Since being awarded the Nobel Prize for literature last week, Bob Dylan has yet to react. On the occasion of her 70th birthday, DW looks back at another reluctant winner: Austrian author and playwright Elfriede Jelinek.
Ever since Bob Dylan was named the winner of the Nobel Prize in Literature last week, the iconic poet-musician has been out of touch, at least for the Swedish Academy.
"We haven't established direct contact with Bob Dylan yet," the academy's permanent secretary, Sara Danius, told the Associated Press on Tuesday. "It would be delightful if Dylan wanted to come to Stockholm in December [to accept his award], but if he doesn't want to, he doesn't want to."
Dylan's reluctance to acknowledge the honor brings to mind Austrian author Elfriede Jelinek, who was chosen for the prestigious literary award in 2004. Since being singled out by the Swedish Academy, Jelinek, who turns 70 on Thursday, has noticeably withdrawn from public view. In the 1980s and 1990s, she often played the role of the sharp-tongued moralist. Today, she only rarely gives interviews.
Her latest play, "Wut" (Anger), premiered to great acclaim back in April at the Munich Kammerspiele. Its focus: the rage of religious fanatics and the anger of supposedly decent citizens.
During a recent performance of Jelinek's play "Die Schutzbefohlenen" (The Suppliants), which takes on Europe's asylum policies, a group of right-wing extremists burst into the theater in Vienna, splattering artificial blood and throwing flyers with the slogan "Multikulti tötet" (Multiculturalism kills) into the crowd. It seems Jelinek continues to agitate - at least in Austria.
Winner of multiple awards
Jelinek, a former communist, has developed the reputation of a radical feminist and provocateur, whose work is well regarded, but, as "Der Spiegel" points out, difficult for many to appreciate. She has been decried as a "desecrator of art and culture," denigrated as a "red pornographer."
"The press took possession of Jelinek with an almost obscene zeal, and plastered her on the front pages and billboards," said Austrian writer Olga Flor in a column for the Viennese newspaper "Der Standard." For Austria, any critical appreciation of Jelinek's contribution to the arts on her 70th birthday is likely to be difficult.
Her body of work includes novels, plays, poems, radio plays, essays and scripts. In Austria and Germany, Jelinek, who divides her time between Vienna and Munich, has been honored with all the important awards - the Heinrich Böll Prize from the city of Cologne (1986), the Georg Büchner Prize (1998), four Mülheim Drama Prizes (2002, 2004, 2009, 2011), as well as War Blinded Audio Play Prize (2004).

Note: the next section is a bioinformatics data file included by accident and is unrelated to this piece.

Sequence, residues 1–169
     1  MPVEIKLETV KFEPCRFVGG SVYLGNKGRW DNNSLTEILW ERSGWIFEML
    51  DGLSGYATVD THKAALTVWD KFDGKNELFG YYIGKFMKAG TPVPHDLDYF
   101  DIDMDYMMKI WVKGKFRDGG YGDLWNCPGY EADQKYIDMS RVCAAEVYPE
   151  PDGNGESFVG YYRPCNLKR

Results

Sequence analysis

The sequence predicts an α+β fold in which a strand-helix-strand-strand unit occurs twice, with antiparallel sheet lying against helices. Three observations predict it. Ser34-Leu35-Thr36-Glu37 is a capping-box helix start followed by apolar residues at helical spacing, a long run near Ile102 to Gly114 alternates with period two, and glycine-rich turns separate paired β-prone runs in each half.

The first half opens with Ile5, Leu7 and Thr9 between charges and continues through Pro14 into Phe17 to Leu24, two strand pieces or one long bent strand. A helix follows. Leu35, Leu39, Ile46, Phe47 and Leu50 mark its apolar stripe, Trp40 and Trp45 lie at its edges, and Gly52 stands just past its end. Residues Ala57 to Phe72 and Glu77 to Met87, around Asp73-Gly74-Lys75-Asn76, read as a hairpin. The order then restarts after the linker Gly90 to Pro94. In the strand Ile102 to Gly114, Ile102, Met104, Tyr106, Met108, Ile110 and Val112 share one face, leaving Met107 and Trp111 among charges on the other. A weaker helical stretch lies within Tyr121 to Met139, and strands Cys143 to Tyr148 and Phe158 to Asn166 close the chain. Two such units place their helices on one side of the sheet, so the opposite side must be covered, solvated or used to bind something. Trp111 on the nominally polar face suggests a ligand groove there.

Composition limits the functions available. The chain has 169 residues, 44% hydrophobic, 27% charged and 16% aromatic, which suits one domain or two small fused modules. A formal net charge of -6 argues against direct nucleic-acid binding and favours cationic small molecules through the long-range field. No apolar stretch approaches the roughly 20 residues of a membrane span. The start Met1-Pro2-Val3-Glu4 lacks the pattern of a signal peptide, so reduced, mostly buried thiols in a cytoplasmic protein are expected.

Paying tribute to Jelinek when she received the Büchner Prize, critic Ivan Nagel called her a "storyteller of utmost refinement and skill." Her work is relentlessly realistic, almost intolerable, "but it is great and necessary."
For decades, Jelinek has been writing against abuses in public life and politics, but also about private life in Austrian society. She makes use of a sarcastic, provocative and - for that reason - disturbing style. Many of her works revolve around the suppression of Austria's Nazi past, increasing xenophobia and the rise of right-wing populists.
Jelinek, born in the eastern Austrian town of Mürzzuschlag on October 20, 1946, grew up in Vienna. As a young woman, she dealt with her father's neuropathy and her own mental problems. Under the influence of her "demonic" mother, Jelinek said she was "trained" as a child prodigy in dance and music. She said she began writing to escape her mother's patronizing, dominating behavior.
The debates about her novels, poems and plays have surely not passed her by. Her 1989 novel, "Lust," skewered a male and class-dominated society, denouncing the sexual oppression of women. In the 1983 book "The Piano Teacher," she criticized violence committed behind closed doors, while in "Stecken, Stab und Stangl" (Rod, Staff, and Crook, 1995), she scandalized with her criticism of the media and political reaction to the murders of four Roma in eastern Austria.
When the news came of her Nobel win in 2004, even her Berlin publishing house was surprised. She declined to attend the award ceremony in Stockholm, saying she was "not in a mental shape to withstand such ceremonies." She might be in good company - if Dylan ends up doing the same and stays home in December.